How Labour could haemorrhage votes to Lib Dems over Brexit

Put it to the people march - photo courtesy of Al Bayliss

It’s not just members that Labour may lose over Jeremy Corbyn’s warmth towards Brexit (which, of course, echoes his life-long Euroscepticism):

Jeremy Corbyn would haemorrhage votes to the Lib Dems should Labour embrace Brexit at the next election, a new poll has revealed.

According to the HuffPost UK exclusive YouGov survey for the pro-EU Best for Britain campaign group, Vince Cable’s party would surge to 18% of the vote if he pledges to oppose Brexit while Labour and the Conservatives remain committed to leaving the EU.

The poll, published on Tuesday, said a pro-Brexit Conservative Party would lead the polls on 32% with pro-Brexit Labour trailing a distant second on 22%. [Huffington Post]

You may notice that those vote share figures add up to much less than 100%. That’s because, unlike most poll headline figures, they don’t exclude the don’t knows and wouldn’t votes.

Here then are the full details:

Imagine at the next election the Conservative and Labour parties both support going ahead with Brexit, and the Liberal Democrats are opposed to Brexit. How would you then vote?
Conservative 31% / Labour 22% / Lib Dem 18% / Other 5% / Don’t know or wouldn’t vote 25%

Excluding the don’t knows and wouldn’t votes that gives:
Conservative 41% / Labour 29% / Lib Dem 24% / Other 7%

Weighted also by likelihood to vote gives:
Conservative 42% / Labour 30% / Lib Dem 22% / Other 6%

Good, bad or indifferent? Lib Dem election result analysed: LDN #100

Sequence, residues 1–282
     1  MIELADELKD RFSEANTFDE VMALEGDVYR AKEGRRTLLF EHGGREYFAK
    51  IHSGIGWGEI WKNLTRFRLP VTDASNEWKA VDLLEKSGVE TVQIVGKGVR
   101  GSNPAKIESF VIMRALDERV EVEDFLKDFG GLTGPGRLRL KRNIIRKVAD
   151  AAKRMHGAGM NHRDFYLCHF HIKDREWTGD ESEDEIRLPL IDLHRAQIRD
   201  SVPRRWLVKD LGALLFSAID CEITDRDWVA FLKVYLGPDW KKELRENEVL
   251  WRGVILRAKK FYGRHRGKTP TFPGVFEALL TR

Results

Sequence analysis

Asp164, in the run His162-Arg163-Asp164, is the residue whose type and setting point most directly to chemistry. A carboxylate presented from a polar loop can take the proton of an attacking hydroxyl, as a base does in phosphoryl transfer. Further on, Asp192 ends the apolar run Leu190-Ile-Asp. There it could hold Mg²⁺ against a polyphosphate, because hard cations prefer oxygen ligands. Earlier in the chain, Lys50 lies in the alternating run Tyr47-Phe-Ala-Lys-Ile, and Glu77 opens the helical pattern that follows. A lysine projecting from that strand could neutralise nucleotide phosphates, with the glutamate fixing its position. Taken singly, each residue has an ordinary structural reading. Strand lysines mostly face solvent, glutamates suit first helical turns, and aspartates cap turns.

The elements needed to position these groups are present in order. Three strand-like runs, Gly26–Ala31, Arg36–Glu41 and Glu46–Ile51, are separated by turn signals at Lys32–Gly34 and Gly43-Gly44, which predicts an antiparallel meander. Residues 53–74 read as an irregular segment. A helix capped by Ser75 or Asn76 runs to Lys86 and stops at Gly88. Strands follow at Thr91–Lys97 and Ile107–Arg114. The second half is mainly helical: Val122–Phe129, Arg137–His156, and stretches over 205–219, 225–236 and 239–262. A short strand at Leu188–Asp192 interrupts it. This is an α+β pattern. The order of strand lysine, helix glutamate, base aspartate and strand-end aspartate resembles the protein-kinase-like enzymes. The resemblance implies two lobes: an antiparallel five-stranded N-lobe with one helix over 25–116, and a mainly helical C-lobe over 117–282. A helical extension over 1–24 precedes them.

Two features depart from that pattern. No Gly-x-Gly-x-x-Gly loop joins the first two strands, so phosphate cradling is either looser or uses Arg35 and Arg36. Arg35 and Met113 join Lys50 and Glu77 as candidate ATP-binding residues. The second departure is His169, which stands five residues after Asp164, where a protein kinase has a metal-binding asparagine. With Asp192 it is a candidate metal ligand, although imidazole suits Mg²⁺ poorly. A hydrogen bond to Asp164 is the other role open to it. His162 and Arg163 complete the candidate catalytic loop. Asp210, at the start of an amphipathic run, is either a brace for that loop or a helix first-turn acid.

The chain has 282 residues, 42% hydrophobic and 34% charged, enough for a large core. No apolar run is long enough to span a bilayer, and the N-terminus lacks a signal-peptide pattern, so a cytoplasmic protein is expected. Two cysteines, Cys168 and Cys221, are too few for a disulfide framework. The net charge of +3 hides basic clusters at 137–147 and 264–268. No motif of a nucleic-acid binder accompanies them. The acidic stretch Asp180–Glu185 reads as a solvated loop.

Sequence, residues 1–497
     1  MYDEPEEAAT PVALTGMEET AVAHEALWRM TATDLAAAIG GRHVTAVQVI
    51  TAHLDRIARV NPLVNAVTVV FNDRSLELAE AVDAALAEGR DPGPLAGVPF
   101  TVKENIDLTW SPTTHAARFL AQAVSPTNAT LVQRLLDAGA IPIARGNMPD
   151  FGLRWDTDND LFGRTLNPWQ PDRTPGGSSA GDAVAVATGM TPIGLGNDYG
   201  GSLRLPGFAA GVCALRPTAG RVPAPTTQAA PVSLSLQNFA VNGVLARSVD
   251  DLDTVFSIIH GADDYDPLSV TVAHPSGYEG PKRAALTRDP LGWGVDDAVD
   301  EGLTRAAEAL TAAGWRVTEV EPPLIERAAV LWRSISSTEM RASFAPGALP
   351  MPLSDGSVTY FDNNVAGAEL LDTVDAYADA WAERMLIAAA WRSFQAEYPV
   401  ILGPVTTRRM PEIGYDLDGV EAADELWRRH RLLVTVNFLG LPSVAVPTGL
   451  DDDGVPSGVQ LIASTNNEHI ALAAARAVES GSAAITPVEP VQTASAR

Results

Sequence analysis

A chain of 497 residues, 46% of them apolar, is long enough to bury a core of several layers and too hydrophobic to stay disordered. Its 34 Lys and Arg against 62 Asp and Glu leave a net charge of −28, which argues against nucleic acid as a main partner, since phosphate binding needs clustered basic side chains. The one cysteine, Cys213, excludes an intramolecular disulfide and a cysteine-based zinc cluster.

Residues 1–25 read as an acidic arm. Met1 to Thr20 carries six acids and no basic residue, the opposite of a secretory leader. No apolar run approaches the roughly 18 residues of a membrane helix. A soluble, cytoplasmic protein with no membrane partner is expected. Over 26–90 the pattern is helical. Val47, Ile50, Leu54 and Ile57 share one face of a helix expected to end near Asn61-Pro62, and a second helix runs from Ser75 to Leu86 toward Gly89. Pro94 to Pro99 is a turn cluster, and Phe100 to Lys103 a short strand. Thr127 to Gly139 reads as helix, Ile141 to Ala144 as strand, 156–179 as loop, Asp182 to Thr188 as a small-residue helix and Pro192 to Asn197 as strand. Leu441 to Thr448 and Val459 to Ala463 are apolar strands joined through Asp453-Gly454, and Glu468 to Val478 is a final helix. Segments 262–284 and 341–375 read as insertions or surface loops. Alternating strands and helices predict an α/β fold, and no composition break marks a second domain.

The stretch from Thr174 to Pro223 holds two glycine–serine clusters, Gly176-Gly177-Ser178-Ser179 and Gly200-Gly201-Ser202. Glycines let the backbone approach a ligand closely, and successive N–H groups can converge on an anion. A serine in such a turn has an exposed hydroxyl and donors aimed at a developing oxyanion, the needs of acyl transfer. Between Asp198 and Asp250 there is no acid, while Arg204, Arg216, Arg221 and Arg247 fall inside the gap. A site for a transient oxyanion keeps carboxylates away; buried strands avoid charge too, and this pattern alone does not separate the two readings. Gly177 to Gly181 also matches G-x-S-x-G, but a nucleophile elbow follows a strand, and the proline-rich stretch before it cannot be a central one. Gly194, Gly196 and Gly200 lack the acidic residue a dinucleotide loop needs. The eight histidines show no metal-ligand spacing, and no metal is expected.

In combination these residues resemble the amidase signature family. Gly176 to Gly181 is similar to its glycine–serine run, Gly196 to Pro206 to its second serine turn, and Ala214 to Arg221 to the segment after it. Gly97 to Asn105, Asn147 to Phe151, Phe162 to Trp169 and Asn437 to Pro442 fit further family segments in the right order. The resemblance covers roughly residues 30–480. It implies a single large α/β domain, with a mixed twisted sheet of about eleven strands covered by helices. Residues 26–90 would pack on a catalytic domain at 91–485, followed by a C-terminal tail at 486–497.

Liberal Democrat Newswire #100 came out last week, taking a look at the Liberal Democrat 2017 general election result. more

We have been here before with hypothetical poll findings showing plenty of scope for the Lib Dems to prosper with a pro-European message. But these figures do add to the cautiously optimistic polling news so far this year.

What the figures also highlight is that to benefit from this sort of potential the party can’t simply carry on doing what it’s done before; we need a different strategy, executed with greater skill. For as Phil Cowley joked with a hint of truth:

UPDATE: New YouGov polling shows that only 56% of Labour voters support “the approach that Jeremy Corbyn is taking towards Brexit”. 15% oppose it and 29% are not sure – showing, once again, the so-far unrealised potential for this issue to cost Labour.

You can keep track of how these political dynamics are playing out with my regularly updated round up of the latest voting intention opinion polls.

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